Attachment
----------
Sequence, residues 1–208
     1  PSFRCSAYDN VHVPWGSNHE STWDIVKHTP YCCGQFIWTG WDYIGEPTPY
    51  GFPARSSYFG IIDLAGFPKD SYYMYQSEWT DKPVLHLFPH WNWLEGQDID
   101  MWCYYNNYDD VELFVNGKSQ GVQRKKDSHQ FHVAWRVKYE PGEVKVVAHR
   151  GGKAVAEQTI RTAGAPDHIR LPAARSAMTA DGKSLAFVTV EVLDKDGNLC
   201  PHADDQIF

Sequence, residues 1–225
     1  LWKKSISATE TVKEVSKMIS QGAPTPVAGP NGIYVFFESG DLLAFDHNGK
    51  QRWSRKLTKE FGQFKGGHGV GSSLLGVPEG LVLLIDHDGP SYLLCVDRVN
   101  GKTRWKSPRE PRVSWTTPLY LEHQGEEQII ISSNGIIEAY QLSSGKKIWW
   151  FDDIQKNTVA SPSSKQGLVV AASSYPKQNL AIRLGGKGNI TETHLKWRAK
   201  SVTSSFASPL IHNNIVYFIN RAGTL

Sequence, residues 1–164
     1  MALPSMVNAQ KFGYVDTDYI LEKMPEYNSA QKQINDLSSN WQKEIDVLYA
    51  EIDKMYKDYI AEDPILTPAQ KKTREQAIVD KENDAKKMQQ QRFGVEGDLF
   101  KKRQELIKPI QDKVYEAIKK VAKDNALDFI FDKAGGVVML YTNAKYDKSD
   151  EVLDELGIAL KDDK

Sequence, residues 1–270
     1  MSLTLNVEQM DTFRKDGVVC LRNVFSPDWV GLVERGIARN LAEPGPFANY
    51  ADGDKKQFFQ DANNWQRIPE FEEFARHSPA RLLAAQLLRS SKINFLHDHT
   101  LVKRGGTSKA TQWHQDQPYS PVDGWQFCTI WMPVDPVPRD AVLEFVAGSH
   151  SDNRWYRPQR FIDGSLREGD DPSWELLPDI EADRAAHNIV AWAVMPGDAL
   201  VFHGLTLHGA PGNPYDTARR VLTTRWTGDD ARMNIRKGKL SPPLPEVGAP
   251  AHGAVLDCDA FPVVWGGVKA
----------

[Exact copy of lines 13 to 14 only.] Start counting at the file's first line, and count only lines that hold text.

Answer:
Sequence, residues 1–164
     1  MALPSMVNAQ KFGYVDTDYI LEKMPEYNSA QKQINDLSSN WQKEIDVLYA